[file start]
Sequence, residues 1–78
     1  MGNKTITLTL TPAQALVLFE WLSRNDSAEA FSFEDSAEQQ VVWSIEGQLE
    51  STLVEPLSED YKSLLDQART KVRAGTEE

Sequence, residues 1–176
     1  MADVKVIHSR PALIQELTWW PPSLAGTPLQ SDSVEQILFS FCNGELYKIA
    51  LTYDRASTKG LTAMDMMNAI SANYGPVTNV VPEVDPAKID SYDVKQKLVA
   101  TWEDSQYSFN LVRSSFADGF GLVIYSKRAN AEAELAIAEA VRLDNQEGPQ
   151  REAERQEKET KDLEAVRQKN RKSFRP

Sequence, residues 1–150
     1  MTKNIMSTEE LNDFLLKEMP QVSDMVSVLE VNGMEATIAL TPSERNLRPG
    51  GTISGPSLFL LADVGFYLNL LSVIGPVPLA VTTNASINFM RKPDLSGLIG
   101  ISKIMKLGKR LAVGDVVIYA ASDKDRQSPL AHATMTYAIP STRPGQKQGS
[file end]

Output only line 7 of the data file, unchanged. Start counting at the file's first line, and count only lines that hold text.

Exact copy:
   101  TWEDSQYSFN LVRSSFADGF GLVIYSKRAN AEAELAIAEA VRLDNQEGPQ